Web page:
alternate directorships) to 8 listed companies (of which independent
directorships shall not exceed 7) by 1 April 2019 and no more than 7 listed
companies by 1 April 2020.

▪ Permission to related parties to vote against RPTs: The blanket restriction
on related parties from voting on any and all related party transactions has
been removed. Related parties can now cast a negative vote on transactions on
RPT matters.

▪ Increase in disclosures

Disclosure Compliance date

Details of utilisation of capital raised through preferential From 1 April

issues/QIPs in annual report 2018

Half yearly disclosures of RPTs on consolidated basis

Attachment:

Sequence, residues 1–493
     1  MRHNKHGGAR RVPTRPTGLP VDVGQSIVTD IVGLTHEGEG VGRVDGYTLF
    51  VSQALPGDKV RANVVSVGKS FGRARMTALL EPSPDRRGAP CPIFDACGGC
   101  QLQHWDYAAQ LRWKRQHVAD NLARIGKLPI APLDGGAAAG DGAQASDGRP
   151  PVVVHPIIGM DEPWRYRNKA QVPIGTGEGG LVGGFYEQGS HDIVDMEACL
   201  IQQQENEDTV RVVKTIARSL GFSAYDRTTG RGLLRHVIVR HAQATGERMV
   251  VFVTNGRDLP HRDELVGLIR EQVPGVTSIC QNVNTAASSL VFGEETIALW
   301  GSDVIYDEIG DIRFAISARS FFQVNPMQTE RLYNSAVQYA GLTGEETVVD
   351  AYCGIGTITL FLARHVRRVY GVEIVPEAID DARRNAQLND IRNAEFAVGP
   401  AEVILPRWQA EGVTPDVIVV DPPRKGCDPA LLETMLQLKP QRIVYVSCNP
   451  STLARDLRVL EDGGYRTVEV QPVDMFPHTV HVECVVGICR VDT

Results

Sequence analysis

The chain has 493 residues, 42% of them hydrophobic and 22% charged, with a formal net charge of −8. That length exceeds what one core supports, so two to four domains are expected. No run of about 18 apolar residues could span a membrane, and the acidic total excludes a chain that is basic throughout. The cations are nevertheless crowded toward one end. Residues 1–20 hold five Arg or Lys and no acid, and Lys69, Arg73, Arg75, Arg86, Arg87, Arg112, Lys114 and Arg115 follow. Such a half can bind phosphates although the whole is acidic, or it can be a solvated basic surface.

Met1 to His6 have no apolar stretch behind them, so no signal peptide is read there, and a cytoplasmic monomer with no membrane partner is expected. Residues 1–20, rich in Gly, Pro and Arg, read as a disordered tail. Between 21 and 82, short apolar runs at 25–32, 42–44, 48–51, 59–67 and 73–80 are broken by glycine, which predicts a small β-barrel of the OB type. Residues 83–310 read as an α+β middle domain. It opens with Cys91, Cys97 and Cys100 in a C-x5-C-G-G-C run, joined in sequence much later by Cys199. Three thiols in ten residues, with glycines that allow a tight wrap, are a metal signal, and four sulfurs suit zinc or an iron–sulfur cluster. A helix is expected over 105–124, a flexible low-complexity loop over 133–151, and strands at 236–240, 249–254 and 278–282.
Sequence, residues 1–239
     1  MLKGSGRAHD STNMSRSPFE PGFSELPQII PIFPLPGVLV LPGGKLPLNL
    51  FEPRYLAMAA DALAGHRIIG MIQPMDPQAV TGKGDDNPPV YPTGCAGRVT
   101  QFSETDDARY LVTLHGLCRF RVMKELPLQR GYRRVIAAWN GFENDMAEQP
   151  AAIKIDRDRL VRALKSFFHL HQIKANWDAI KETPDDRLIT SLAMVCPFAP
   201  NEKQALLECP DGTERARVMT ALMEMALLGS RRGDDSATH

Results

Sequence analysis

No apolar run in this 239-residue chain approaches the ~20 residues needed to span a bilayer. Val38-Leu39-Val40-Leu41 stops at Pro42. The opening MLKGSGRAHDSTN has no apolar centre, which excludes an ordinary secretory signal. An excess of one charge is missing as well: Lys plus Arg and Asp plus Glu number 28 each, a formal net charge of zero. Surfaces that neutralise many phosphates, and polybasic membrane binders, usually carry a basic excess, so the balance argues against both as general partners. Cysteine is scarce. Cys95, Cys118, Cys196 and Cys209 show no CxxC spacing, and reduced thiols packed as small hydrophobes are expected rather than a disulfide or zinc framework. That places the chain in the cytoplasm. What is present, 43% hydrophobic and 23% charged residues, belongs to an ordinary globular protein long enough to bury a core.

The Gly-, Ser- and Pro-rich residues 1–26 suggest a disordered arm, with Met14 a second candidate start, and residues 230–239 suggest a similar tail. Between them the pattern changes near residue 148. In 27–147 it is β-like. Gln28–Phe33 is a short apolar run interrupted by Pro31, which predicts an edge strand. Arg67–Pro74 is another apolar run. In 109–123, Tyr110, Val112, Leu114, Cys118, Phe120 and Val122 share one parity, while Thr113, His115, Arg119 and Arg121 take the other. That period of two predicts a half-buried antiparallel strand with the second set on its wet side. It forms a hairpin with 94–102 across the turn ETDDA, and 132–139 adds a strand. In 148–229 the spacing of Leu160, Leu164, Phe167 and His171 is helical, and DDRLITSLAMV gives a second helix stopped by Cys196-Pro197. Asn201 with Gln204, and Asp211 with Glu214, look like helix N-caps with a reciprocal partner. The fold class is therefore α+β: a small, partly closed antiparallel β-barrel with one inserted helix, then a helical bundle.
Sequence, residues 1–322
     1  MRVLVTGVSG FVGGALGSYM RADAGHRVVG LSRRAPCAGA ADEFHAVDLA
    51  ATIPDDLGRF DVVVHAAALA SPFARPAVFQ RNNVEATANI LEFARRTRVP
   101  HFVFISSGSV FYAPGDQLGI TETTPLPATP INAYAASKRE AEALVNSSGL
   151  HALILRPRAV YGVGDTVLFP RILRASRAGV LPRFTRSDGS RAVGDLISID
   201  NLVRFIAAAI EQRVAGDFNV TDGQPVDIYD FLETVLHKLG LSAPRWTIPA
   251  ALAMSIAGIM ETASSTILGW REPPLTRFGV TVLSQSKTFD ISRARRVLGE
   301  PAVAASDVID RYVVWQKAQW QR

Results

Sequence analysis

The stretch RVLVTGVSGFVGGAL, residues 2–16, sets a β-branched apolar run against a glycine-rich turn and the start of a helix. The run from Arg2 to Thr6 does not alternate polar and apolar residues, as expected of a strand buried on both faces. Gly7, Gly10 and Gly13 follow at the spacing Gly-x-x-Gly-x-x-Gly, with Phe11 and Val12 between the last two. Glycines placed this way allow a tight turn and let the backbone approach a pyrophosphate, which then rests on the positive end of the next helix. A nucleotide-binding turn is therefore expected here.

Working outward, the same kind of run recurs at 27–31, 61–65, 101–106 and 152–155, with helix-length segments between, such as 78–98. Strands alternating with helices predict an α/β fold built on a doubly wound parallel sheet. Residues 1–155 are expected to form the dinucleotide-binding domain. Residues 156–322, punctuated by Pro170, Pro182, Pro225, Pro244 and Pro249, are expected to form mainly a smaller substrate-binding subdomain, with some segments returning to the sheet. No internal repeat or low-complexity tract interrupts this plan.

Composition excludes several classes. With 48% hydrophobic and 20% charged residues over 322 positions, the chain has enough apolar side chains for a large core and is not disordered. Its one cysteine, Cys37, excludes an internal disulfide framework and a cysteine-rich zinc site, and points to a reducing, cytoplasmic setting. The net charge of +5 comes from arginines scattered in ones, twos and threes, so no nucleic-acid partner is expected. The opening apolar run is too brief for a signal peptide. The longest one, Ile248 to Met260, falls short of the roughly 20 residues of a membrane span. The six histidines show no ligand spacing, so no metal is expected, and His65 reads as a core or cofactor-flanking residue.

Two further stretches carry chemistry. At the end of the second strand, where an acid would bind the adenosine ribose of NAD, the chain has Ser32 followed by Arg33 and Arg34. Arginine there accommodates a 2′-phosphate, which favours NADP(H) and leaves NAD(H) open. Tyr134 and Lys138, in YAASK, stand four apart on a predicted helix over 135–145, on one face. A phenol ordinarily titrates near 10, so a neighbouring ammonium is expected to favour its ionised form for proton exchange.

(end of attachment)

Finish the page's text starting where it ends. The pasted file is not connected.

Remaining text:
(similar to annual disclosure)

Details of transactions with any person (including
promoter group) which holds 10% or more shares in
annual report

Details of credentials, basis of recommendation and fees
payable to auditors in notice seeking auditors' appointment

▪ Unlisted 'material' subsidiaries and Secretarial Audit: Material subsidiary
to now include subsidiaries who account for 10% of the consolidated income
or net worth of the listed company. Further, the listed company is required to
appoint at least one ID as a director on the board of its off-shore material
subsidiaries. In the latter case, the earlier threshold of 20% of the consolidated
income or net worth continues to apply. Further, secretarial audit has been
made mandatory for listed companies and their unlisted Indian material
subsidiaries from 1 April 2018.

Recommendations with Modifications

▪ Separation of key positions: Kotak Committee recommended that all listed
companies with more than 40% public shareholding are required to have
different individuals appointed as chairperson and managing director/CEO by